Crime

Alton teen faces up to 85 years after jury convicts him of killing father of five

Aryion E. Sanders, 17, of Alton, was convicted of first degree murder March 23, 2018 in connection with the shooting death of James E. Hubbard, Jr., 41, of Alton, on Aug. 8, 2015. His brother, Ahmad Sanders, now faces perjury charges relating to the trial.
Aryion E. Sanders, 17, of Alton, was convicted of first degree murder March 23, 2018 in connection with the shooting death of James E. Hubbard, Jr., 41, of Alton, on Aug. 8, 2015. His brother, Ahmad Sanders, now faces perjury charges relating to the trial. Provided

An Alton teen has been convicted of murder in the death of James Hubbard Jr., who was found shot to death in the street in 2015.

Aryion Sanders was 17 when he shot Hubbard four times at point-blank range, according to the Madison County State’s Attorney’s Office. Hubbard, 41, was found Aug. 8, 2015 in the 700 block of Oakwood Avenue in Alton — the same block where Sanders lived — with several gunshot wounds, and died before paramedics reached the scene.

The Major Case Squad of Greater St. Louis was activated to investigate the killing, with 25 investigators from 20 departments pursuing leads.

Police arrested Sanders six days later, but it took three attempts at trial to reach a verdict. In the first trial, two witnesses failed to appear, and it had to be continued by Madison County Associate Judge Neil Schroeder. In September, a three-day trial had gone to jury deliberations when Circuit Judge Kyle Napp was informed that the jury pool had been tainted, and she declared a mistrial.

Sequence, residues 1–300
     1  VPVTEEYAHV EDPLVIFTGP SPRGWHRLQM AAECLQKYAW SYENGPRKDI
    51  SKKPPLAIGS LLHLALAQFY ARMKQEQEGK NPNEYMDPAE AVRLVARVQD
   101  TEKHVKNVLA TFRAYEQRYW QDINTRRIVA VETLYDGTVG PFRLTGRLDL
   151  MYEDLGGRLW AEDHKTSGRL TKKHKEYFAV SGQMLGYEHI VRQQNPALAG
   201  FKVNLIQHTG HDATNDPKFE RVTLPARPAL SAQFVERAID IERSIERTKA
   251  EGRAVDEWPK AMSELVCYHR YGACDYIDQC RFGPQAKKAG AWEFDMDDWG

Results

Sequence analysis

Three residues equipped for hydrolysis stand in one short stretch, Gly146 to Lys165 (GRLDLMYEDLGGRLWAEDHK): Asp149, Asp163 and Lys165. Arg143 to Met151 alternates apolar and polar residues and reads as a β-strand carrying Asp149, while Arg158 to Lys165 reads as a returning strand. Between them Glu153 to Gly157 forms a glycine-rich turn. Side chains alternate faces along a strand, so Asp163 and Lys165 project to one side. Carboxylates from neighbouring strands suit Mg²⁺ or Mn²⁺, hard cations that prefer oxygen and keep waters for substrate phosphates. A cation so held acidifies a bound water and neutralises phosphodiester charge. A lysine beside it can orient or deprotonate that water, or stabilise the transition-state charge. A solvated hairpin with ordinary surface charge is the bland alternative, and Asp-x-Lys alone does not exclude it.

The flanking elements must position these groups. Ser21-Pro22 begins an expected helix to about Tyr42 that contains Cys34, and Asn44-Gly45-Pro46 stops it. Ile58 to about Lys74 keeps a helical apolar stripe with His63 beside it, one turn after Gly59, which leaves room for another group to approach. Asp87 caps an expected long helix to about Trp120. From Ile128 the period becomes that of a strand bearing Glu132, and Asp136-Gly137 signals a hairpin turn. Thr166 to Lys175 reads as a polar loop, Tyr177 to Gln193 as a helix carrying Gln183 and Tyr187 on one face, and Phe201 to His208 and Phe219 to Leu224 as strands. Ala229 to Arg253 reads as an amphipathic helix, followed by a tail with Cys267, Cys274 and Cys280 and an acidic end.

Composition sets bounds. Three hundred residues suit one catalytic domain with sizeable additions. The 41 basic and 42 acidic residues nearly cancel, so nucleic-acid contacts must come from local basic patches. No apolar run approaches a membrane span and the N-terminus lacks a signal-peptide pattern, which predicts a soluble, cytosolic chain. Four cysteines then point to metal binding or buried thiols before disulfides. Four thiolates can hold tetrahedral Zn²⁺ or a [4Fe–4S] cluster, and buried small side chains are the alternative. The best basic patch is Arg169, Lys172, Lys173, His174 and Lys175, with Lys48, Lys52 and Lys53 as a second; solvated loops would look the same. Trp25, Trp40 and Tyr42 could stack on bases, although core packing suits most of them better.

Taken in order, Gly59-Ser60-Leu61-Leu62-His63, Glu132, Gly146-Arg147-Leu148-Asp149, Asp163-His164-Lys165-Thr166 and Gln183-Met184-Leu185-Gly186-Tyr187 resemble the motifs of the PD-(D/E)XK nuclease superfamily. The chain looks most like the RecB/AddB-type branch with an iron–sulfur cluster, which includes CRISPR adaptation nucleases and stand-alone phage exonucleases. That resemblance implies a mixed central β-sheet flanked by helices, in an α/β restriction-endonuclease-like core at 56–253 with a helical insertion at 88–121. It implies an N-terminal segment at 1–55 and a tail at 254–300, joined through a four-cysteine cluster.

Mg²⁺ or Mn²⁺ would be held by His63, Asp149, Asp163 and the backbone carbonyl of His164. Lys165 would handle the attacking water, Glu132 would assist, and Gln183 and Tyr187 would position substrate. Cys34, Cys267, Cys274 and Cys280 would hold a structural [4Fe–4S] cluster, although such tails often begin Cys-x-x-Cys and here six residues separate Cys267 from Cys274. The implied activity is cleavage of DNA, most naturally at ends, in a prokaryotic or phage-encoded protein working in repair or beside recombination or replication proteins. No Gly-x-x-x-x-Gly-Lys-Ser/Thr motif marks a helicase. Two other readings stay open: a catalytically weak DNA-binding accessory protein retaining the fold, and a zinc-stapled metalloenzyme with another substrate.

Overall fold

This third attempt began on Wednesday, and after two days of testimony, the case went to the jury at 10 a.m. Friday. After five hours of deliberation, the verdict came back: Sanders, now 19, was found guilty.

“Despite the repeated attempts to derail this trial, Madison County justice has prevailed,” said Madison County State’s Attorney Tom Gibbons in a statement. He commended the “tireless work” of the Major Case Squad in the investigation. “Their hard work and determination paid off today.”

Hubbard was the father of five children, then ages 6 to 21. His father, who shares his name, is a retired Alton Police officer who had served the community for more than 20 years.

Sanders remained in custody as of Friday at the Madison County Jail pending sentencing, which will take place in six to eight weeks. He faces 20 to 60 years in prison, and is eligible for an additional 25 years since he used a firearm to commit the crime, which would give up up to 85 years in prison. He will be required to serve 100 percent of his sentence.



Elizabeth Donald: 618-239-2507, @BNDedonald
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